Intel Health director of product marketing Charles Goodwin explained this to me today. A recent survey with top health care executives showed most see the value in monitoring patients remotely, and most expect it to happen.
But most see a fear by both doctors and patients of the technology, and they openly wonder how providers can get paid.
So what happens now?
"Home health care agencies get a set fee for providing care to a patient who has been discharged from the hospital and been prescribed home care, usually for 30-60 days," he explained.
"Since they get a fixed payment for the patient they're motivated to invest in technology, in innovating workflows to reduce costs,"
The sickness model for care we presently employ will pay for the hospital, it will pay for the rehab center, it will even pay for visits from a home health care worker. But once grandma is thought to be well, she's on her own.
There's no business model for keeping that gear installed, for keeping the connection intact, for collecting data and monitoring wellness. Gear is being taken out, it's being re-used, and Intel finds itself with a niche business.
I feel that pain. My mom broke her hip last month. She's 86. She went into the hospital, where she had a pin inserted. Then she went to a rehab center, where she exercised enough to start using her walker. Now she's at home, and someone comes twice a week to make certain she's doing her exercises.
But she needs more. She needs monitoring. I could pay for it, if there were someone out there to sell me, but I don't really get the financial benefit of her wellness, just the psychic benefits from knowing my mom's OK.
What she needs, I told Goodwin, is someone like my late father.
After 20 years running a TV repair shop in New York, my dad moved to California, and eventually bought a lock shop. It was a good business. He had lots of commercial accounts, mostly chain stores, who paid him each month to be on call in case they needed doors opened or locks changed.
There are many businesses that work this way. Home security businesses work this way. Answering services work this way. There is, and has been, a business model for such industries.
What someone like my dad would need to do this is a business model, something like the one he had at the lock shop.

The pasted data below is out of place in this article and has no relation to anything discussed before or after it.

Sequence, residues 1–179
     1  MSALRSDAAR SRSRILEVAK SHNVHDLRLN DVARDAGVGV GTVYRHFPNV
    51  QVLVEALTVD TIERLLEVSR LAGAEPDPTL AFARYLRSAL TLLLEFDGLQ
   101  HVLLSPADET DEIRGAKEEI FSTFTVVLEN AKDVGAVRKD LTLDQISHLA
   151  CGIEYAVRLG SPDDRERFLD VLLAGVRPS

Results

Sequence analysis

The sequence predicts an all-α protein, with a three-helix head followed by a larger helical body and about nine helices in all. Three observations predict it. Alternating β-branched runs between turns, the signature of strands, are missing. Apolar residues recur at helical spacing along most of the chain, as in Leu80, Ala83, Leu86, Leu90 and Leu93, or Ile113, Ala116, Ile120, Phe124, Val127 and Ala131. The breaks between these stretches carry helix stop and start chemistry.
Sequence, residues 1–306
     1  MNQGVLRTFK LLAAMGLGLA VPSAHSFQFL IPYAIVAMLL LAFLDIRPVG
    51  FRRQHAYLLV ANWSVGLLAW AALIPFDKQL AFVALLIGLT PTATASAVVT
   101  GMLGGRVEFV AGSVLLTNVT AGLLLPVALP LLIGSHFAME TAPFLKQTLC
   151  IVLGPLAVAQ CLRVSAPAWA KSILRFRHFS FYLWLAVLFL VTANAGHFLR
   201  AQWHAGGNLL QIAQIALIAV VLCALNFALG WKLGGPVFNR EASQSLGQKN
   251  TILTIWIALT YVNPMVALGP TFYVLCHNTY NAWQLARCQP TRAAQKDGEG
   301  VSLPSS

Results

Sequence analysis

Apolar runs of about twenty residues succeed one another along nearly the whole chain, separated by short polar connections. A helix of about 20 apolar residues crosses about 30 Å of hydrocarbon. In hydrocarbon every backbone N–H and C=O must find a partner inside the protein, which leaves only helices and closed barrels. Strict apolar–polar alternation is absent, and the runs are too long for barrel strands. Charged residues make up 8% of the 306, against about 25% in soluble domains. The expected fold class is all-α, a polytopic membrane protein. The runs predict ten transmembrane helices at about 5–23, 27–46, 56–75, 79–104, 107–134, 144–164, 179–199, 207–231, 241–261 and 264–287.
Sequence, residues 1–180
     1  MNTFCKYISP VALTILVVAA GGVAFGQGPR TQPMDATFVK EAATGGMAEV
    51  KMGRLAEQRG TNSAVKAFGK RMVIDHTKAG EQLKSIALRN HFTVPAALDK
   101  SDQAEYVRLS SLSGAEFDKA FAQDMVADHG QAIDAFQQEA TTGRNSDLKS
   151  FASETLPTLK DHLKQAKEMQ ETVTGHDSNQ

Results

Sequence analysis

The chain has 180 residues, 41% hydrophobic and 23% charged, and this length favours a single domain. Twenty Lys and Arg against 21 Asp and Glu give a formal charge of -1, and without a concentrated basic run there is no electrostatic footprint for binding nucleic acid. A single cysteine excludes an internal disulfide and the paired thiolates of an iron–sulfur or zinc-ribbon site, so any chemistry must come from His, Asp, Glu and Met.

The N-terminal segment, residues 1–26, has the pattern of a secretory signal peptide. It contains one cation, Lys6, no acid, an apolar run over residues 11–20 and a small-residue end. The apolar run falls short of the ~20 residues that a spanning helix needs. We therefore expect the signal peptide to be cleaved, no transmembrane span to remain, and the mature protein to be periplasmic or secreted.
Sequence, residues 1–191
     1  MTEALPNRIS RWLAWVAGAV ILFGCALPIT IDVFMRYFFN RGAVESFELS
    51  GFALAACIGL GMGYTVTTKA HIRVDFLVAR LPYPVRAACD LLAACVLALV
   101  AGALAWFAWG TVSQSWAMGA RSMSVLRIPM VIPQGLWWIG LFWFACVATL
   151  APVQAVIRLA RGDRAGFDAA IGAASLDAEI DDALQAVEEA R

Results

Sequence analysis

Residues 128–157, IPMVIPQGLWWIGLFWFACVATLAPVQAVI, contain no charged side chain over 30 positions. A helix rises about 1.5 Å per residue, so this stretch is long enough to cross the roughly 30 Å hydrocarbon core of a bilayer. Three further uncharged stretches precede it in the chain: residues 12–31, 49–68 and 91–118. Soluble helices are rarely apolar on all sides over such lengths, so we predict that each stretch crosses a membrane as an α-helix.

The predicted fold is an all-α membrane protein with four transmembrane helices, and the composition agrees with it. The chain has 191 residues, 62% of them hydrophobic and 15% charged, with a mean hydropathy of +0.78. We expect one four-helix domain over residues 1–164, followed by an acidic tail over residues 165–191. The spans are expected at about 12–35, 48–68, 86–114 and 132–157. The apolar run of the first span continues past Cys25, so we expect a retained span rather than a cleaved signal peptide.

"I don't think the cost is the barrier, in terms of our discussions with home health agencies. They're not even making the offer to patients to keep it," Goodwin said.
"We've talked to service companies (like LifeAlert) and they have to make a decision to hire clinicians and monitor these results. That's a big decision for them. It's a change in their business model."
Telehealth is too cheap for the home health companies, and too expensive for the monitoring companies, who would have to hire nurses and maybe even doctors to respond in emergencies.
Worse, the financial benefits from telehealth flow to those paying the bills. Right now that mainly means insurers and the government. And they're still on the sickness model, although health reform gives Goodwin confidence that over time this will change.
So I asked Goodwin a startling question. Ever been to a franchise show?
The franchise industry is filled with entrepreneurs who can see opportunities, package them, and re-sell them to lots of people. The industry has salesmen who can sell insurers and self-insurers on the value proposition, who can package that opportunity for small businesspeople, train them, and get mass industries going fast.
Maybe, with Intel pushing from above and franchises pushing from below, we can solve this problem before I fall and can't get up.
This post was originally published on Smartplanet.com